Click here to listen to this article:
Whenever a child is born the event is often so moving it can affect many who hear about it far beyond just those related to the child. The knowledge of a new life can regenerate even the most bitter and cynical heart. There is something about a new birth that reminds us of our own days of youth and innocence. This is true not only of physical birth, but spiritual birth as well. It is a joyous thing when a sinner turns from the darkness of sin, putting faith in Christ, to have his or her sins washed away in baptism by the blood of Christ. Sometimes brethren who may have felt discouraged or downhearted can have their spirits lifted by seeing a new soul brought to the Lord. The encouragement and innocence of a new life in Christ can cause the gloom and darkness of burdens we carry to fade far from view. There is no rule that this must happen when all the church is assembled, but those who choose to be baptized in private don’t realize what a blessing they can offer to their new family in Christ if they allow them to share in this joyous event. Let’s consider a few questions about such times of spiritual birth.
I. What Really Happens? Those who witness a person being baptized into Christ know well enough what can be seen with the eyes. The person resolves to repent of past sins (Acts 3:19). In the presence of those around the person confession is made of faith in Jesus Christ as the Son of God (Romans 10:8-10). This culminates in immersion in water for the remission of sins (Acts 2:38) in the name of the Father, the Son, and the Holy Spirit (Matthew 28:19). Beyond what the eyes can see, however, the Bible teaches us that some other very important things happen. Paul told the Ephesians that apart from the grace of God that comes through Christ all accountable souls are dead in a spiritual sense. Because of God’s love, “even when we were dead in trespasses” through obedience to the gospel He “made us alive together with Christ (by grace you have been saved” (Ephesians 2:5, NKJV). This grace is not extended to us because of works of merit. Paul affirms it is, “not of works lest anyone should boast” (Ephesians 2:9). It is Christ’s blood that merits salvation. When a sinner turns to Christ in obedience to the gospel, the mercy and grace of God revives them spiritually. The soul spiritually dead and separated from God because of sin, lives again in a reconciled relationship to God. Paul told the Corinthians “all things are of God who has reconciled us to Himself through Jesus Christ” (2 Corinthians 5:18).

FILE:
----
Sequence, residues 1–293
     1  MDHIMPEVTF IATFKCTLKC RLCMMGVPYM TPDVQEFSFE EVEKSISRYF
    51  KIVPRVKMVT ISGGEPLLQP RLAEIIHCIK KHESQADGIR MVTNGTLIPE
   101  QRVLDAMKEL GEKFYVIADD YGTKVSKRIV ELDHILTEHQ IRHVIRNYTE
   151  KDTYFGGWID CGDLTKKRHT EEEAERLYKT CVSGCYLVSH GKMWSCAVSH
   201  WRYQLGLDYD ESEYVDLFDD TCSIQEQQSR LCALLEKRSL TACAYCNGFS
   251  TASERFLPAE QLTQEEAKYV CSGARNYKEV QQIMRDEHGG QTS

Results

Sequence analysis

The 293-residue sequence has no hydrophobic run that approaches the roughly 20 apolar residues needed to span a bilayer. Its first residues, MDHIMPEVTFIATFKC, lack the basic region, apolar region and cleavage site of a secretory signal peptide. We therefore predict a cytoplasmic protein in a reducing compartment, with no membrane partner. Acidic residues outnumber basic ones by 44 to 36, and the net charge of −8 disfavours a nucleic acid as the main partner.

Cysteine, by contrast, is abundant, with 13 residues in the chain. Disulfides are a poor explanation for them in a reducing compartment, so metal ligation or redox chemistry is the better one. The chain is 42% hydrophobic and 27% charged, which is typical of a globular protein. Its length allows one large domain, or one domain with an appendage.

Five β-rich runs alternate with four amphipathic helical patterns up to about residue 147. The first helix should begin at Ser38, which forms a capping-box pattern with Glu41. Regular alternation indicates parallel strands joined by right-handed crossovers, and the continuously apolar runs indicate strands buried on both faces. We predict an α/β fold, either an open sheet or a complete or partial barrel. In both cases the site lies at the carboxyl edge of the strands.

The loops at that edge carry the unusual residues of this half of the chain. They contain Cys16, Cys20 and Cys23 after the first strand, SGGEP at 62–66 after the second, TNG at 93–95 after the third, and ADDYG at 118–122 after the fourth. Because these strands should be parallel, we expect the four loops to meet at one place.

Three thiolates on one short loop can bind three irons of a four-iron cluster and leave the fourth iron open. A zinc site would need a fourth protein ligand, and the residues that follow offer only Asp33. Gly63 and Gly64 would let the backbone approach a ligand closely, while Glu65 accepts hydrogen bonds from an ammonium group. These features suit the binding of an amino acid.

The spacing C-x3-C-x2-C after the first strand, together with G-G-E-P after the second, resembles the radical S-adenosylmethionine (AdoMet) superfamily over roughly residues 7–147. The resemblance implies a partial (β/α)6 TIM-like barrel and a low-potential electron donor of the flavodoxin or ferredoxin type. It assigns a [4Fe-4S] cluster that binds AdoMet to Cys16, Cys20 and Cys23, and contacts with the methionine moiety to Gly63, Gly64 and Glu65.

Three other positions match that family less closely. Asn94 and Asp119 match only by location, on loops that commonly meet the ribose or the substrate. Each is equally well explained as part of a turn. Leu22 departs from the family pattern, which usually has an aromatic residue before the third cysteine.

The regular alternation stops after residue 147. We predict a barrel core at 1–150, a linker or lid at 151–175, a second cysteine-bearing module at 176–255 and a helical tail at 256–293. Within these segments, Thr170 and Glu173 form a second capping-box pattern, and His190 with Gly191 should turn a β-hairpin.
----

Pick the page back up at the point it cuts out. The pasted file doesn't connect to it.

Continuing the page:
Another important thing also happens. Paul taught the Christians in Galatia, “For you are all sons of God through faith in Christ Jesus. For as many of you as were baptized into Christ have put on Christ” (Galatians 3:26-27). In baptism a person does not join some denomination, instead he or she puts on Christ. There are several ways in which this may be understood. First, through baptism we are said to be united with Christ in His death and resurrection. Paul explained to the Colossians that we are “buried with Him in baptism, in which you were raised with Him through faith in the working of God” (Colossians 2:12). He told the Romans, that in baptism we have been “united together in the likeness of His death” granting us hope that one day we may be untied together “in the likeness of His resurrection” (Romans 6:5). Second, we put on Christ in the relationship we share with others who are in Christ. After the preaching on the Day of Pentecost, the Holy Spirit tells us “those who gladly received his word were baptized” resulting in the fact that “about three thousand souls were added to them” (Acts 2:41). These disciples, are identified as “the church” in the verses that follow (Acts 2:47, KJV, NKJV; 5:11; 8:1). In the New Testament the church is identified as Christ’s body (Ephesians 1:22-23). When one is baptized into Christ, the Lord adds him or her to that group identified as Christ’s body in this world, which must be understood as another sense in which the new convert is said to put on Christ.